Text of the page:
But I also wonder about the declarative value of people ‘liking’ a museum on Facebook etc. In a lovely piece on Aeon Magazine recently, Patrick Stokes observed that ‘the online identity that most of us use is, to borrow a phrase from the American philosopher Stanley Cavell, our ‘next self’. Dress your avatar for the life you want, not the life you have.’ Similarly, in the aforementioned paper by Zhao, Grasmuck, and Martin, the academics considered how people act in nonymous, online environments and proposed that they have become a place where people tend to express their ‘hoped-for possible selves.’ In this light, the urge to ‘like’ a museum or any other group or activity on Facebook or a social networking site acts as a kind of ‘identity statement’, through which the individual can “stage a public display of their hoped-for possible selves that were unknown to others offline.” (Zhao et al. 1820)
I sometimes see people disparage the number of people who are actively ‘engaged with’ museum social media groups; that an institution’s page might have huge numbers of likes, but only a tiny proportion of those in interaction. Rob Landry, for instance, recently argued for museum websites as a space for connection, over and above social media, because the large numbers of likers don’t mean much:
With social media it’s easy to be deceived by large numbers that don’t mean a lot. For example, we spot checked the Facebook page of a major museum and found that they over the last several days they’ve had, on average, 716.4 likes, 184.8 shares and 8.4 comments per post. Looks pretty good, until you realize that they have nearly a million fans. In that context, 0.07% of fans liked posts, 0.018 fans shared and an infinitesimal 0.0000823% of fans commented, on average.
Here’s something to think about: would the fans who are engaging be the folks who would be buying tickets anyway even if Facebook had never been invented? And are you strengthening connections or just giving people who are already avid fans a nice way to interact?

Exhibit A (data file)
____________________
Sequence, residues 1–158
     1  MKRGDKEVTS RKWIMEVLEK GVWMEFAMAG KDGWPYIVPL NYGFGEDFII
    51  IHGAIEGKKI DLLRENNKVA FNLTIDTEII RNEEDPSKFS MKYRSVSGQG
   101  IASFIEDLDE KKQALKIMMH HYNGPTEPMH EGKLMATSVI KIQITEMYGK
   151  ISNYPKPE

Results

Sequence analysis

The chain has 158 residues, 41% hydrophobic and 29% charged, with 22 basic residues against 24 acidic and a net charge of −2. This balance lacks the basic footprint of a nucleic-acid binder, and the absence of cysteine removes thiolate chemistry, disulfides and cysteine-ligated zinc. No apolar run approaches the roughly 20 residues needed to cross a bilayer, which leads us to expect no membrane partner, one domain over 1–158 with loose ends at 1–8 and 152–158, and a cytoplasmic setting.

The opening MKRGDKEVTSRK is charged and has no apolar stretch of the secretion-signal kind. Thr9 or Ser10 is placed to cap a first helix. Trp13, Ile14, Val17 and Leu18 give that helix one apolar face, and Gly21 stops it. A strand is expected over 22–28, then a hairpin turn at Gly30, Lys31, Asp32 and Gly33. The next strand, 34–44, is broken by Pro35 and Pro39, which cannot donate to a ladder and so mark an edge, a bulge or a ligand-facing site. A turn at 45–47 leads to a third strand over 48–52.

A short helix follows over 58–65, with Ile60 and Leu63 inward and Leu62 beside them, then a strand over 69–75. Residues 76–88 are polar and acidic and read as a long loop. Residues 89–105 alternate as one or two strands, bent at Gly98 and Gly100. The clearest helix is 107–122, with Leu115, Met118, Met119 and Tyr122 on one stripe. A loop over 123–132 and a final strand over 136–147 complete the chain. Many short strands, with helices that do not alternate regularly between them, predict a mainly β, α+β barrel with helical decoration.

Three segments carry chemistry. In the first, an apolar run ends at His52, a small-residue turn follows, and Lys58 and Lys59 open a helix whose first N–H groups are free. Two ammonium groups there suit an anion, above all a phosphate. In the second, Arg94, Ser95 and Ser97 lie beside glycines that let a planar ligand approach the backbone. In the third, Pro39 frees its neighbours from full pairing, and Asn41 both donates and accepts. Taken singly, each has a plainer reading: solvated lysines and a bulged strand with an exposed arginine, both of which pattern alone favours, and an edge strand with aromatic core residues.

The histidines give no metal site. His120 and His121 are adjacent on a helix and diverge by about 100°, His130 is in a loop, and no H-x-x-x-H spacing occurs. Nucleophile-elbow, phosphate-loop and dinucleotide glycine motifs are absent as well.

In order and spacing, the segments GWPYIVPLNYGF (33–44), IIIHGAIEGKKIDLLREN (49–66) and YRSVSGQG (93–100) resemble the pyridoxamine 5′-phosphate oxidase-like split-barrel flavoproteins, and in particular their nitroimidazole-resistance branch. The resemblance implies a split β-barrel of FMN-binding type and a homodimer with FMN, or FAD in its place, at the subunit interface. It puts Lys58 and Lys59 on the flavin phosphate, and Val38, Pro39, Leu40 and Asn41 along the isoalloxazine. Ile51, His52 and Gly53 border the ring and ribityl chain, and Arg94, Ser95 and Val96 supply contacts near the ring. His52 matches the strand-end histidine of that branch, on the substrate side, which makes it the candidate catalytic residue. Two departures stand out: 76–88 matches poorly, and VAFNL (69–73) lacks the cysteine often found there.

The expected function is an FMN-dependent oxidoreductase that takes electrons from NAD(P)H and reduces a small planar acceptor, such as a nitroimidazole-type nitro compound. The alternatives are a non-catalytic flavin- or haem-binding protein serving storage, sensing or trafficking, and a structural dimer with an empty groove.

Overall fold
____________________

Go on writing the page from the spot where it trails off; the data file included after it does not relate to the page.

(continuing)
But for me this ignores the value that comes from someone associating their ‘next self’ or the person they want to be (or want to be perceived to be) as someone who is connected to your museum. In the same MCN Museopunks session mentioned above, Nancy Proctor described a study that Silvia Filipini Fantoni did of Tate’s bookmarking system (I think this one), in which people were sent an email record of their visit to the museum to extend the visit, and even though many didn’t actually click on the links, they kept the email in their rainy day files. In this, Nancy saw a kind of promise to themselves that someday they would reconnect with the museum, even if they had not taken that action yet. And it’s here that I see something interesting in the notional promise of social media, and its declarative performance of identity, and museum audiences. Is there a gap between the people who like an institution on social media, and those who actually visit the institution? And if so, what lies between those two impulses; the association of someone’s ‘hoped-for possible self’, and their actual actions? (Has anyone studied this?)
I was thinking about all of this during MCN2013, when I finally emerged from the dark place of PhD-land, where social media contact is minimal, and re-entered the bright world of #musetech discussions online. I’m aware that this isn’t a wash-up report from MCN2013, but there are so many issues that I want to get into from this conference that I thought I’d dive straight into blogging the stuff that’s been on my mind lately. Meanwhile, if you are keen to find out more about the conference, you should check out these reports from my professional spirit animal Jeff Inscho and the ever-great Ed Rodley.
Of course, I’d love to know what you think. How do you decide which platform to communicate an idea, or connect with a person, when there are so many available now? And does the level of publicness or otherwise of those interactions weight into your decision? And do you think your digital version of self is accurate or aspirational?
*I love/am fascinated by this idea that friending is now a verb.